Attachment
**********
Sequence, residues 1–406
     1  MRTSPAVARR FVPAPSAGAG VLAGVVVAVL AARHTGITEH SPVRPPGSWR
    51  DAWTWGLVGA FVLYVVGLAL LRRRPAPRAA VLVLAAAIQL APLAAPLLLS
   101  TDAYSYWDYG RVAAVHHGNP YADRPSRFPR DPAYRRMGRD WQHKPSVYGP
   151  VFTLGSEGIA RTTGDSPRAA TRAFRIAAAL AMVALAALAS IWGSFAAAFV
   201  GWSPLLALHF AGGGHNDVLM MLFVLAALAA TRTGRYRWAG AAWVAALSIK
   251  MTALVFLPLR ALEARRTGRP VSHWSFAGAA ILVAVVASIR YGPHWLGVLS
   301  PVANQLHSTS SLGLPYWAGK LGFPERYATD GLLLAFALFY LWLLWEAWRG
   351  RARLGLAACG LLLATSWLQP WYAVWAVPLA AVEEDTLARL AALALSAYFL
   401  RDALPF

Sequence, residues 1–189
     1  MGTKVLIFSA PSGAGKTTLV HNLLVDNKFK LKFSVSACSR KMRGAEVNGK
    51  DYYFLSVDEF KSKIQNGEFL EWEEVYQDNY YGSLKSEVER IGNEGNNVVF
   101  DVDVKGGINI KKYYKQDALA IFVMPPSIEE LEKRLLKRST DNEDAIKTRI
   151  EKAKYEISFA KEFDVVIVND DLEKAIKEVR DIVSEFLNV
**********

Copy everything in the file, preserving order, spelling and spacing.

Sequence, residues 1–406
     1  MRTSPAVARR FVPAPSAGAG VLAGVVVAVL AARHTGITEH SPVRPPGSWR
    51  DAWTWGLVGA FVLYVVGLAL LRRRPAPRAA VLVLAAAIQL APLAAPLLLS
   101  TDAYSYWDYG RVAAVHHGNP YADRPSRFPR DPAYRRMGRD WQHKPSVYGP
   151  VFTLGSEGIA RTTGDSPRAA TRAFRIAAAL AMVALAALAS IWGSFAAAFV
   201  GWSPLLALHF AGGGHNDVLM MLFVLAALAA TRTGRYRWAG AAWVAALSIK
   251  MTALVFLPLR ALEARRTGRP VSHWSFAGAA ILVAVVASIR YGPHWLGVLS
   301  PVANQLHSTS SLGLPYWAGK LGFPERYATD GLLLAFALFY LWLLWEAWRG
   351  RARLGLAACG LLLATSWLQP WYAVWAVPLA AVEEDTLARL AALALSAYFL
   401  RDALPF

Sequence, residues 1–189
     1  MGTKVLIFSA PSGAGKTTLV HNLLVDNKFK LKFSVSACSR KMRGAEVNGK
    51  DYYFLSVDEF KSKIQNGEFL EWEEVYQDNY YGSLKSEVER IGNEGNNVVF
   101  DVDVKGGINI KKYYKQDALA IFVMPPSIEE LEKRLLKRST DNEDAIKTRI
   151  EKAKYEISFA KEFDVVIVND DLEKAIKEVR DIVSEFLNV